registry is $2,075. The owner did not appear. Several other parties filed libels against the vessel, or petitions to be paid out of the proceeds, the claims exceeding in the aggregate the wrole amount in the registry. One Crossman also com- menced a suit in personam against the master and owners of the vessel, on a draft drawn by the master on the owners of Africa to the for money advanced at a port on the master for the purpose of obtaining necessary supplies for the vessel in that port. On this libel the freight was attached in the hands of the consignees of the cargo, as belonging to the owners, and has been paid into court to the amount of $'W3.04. Among the claims presented against the vessel was that of a mortgagee, who also claimed the freight on the ground that after the arrival of the vessel in this port, and before the discharge of the cargo, he bad taken possession of the vessel. The parties having claims on the vessel insist that the freight should be applied to payment of the seamen's wages in order that they may make good their claims against the vessel. By consent of all parties who appeared in the suit of Crossman, and also in the suits against the vessel, it was referred to a: commissioner to take proof of the amounts due the several parties, determine their liens, if any, and their claims for priority of payment,and the proper mode of marshalling the funds in the two suits, without formal pleadings other than the .libels and petitions of the respective parties. The parties appeared before the commissioner, and the amounts found due them are as follows: Crocker Brothers & a corporation doing business in this city, have proved a claim for $837.84, for copper supplied to the vessel in this port in April, 1877, subject to the objections hereinafter stated. Their libel was filed July 6, 1880. The following claims were also proved, as to which no objection is now taken; Richard H. Anderson, of Philadelphia, for supplies in that port in April, 1880, $319.55; Charles A. Warren & Co., of Philadelphia, for supplies and materials furnished in that port, $102.58; Owen Reilly, for supplies, $17.80; James Germond, for pilotage iI;l this port, $64.57; Joseph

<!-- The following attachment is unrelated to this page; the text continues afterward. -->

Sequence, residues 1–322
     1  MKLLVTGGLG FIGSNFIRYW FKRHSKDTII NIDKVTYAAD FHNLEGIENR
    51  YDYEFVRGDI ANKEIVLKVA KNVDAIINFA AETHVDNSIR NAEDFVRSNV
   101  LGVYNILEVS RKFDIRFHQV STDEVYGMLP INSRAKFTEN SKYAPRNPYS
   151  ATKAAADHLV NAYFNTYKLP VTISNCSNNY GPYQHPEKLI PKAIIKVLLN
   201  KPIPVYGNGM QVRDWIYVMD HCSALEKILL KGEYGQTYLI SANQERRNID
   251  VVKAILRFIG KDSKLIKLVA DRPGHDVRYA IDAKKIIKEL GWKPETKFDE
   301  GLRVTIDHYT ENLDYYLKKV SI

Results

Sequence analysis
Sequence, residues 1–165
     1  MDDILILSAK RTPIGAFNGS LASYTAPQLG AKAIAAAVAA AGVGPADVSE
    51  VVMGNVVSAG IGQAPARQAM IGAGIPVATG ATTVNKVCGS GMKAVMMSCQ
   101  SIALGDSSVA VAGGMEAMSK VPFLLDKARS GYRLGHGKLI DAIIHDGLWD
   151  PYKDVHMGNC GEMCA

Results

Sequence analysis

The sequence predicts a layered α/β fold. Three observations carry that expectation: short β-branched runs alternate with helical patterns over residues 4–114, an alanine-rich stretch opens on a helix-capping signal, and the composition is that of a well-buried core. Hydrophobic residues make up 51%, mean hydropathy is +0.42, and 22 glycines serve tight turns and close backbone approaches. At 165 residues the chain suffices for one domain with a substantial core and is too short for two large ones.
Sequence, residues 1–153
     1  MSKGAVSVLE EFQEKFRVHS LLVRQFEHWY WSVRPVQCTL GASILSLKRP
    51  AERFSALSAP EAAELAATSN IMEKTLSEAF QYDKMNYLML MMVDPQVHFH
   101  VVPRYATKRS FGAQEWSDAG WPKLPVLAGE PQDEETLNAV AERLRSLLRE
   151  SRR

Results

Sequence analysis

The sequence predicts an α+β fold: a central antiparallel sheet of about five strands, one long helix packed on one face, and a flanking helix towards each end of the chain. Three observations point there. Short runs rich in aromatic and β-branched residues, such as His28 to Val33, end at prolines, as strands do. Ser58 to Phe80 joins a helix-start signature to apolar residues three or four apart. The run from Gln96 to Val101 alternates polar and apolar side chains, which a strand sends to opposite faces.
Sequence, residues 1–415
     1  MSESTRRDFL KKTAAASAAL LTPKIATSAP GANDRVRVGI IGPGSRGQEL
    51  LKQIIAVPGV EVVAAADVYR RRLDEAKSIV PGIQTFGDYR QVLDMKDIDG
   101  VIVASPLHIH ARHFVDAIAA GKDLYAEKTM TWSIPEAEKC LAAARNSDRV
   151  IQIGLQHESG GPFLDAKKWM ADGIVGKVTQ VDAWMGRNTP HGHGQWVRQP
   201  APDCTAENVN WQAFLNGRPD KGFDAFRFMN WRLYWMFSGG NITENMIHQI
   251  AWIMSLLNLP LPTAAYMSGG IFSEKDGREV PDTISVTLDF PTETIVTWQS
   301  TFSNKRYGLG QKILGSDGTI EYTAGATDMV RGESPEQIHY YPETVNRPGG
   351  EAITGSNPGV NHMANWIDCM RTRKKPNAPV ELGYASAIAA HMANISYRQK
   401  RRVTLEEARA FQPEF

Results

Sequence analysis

THE BRIG WEXFORD.